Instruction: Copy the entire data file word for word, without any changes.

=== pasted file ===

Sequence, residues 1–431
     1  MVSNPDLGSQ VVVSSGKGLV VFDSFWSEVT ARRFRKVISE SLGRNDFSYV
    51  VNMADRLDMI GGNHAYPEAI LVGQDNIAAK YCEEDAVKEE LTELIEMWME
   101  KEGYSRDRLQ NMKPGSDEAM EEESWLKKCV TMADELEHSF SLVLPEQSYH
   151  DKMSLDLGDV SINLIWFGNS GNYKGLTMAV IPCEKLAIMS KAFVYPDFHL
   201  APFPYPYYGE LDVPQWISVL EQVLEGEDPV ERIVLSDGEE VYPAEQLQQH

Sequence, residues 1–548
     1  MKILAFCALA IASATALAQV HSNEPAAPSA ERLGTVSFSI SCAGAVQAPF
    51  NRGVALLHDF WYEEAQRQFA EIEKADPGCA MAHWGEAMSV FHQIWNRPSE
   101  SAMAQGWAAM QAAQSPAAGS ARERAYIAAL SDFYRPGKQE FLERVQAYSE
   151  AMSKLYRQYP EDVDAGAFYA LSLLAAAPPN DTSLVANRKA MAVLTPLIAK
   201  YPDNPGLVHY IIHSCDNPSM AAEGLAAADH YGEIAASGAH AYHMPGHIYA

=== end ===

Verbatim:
Sequence, residues 1–431
     1  MVSNPDLGSQ VVVSSGKGLV VFDSFWSEVT ARRFRKVISE SLGRNDFSYV
    51  VNMADRLDMI GGNHAYPEAI LVGQDNIAAK YCEEDAVKEE LTELIEMWME
   101  KEGYSRDRLQ NMKPGSDEAM EEESWLKKCV TMADELEHSF SLVLPEQSYH
   151  DKMSLDLGDV SINLIWFGNS GNYKGLTMAV IPCEKLAIMS KAFVYPDFHL
   201  APFPYPYYGE LDVPQWISVL EQVLEGEDPV ERIVLSDGEE VYPAEQLQQH

Sequence, residues 1–548
     1  MKILAFCALA IASATALAQV HSNEPAAPSA ERLGTVSFSI SCAGAVQAPF
    51  NRGVALLHDF WYEEAQRQFA EIEKADPGCA MAHWGEAMSV FHQIWNRPSE
   101  SAMAQGWAAM QAAQSPAAGS ARERAYIAAL SDFYRPGKQE FLERVQAYSE
   151  AMSKLYRQYP EDVDAGAFYA LSLLAAAPPN DTSLVANRKA MAVLTPLIAK
   201  YPDNPGLVHY IIHSCDNPSM AAEGLAAADH YGEIAASGAH AYHMPGHIYA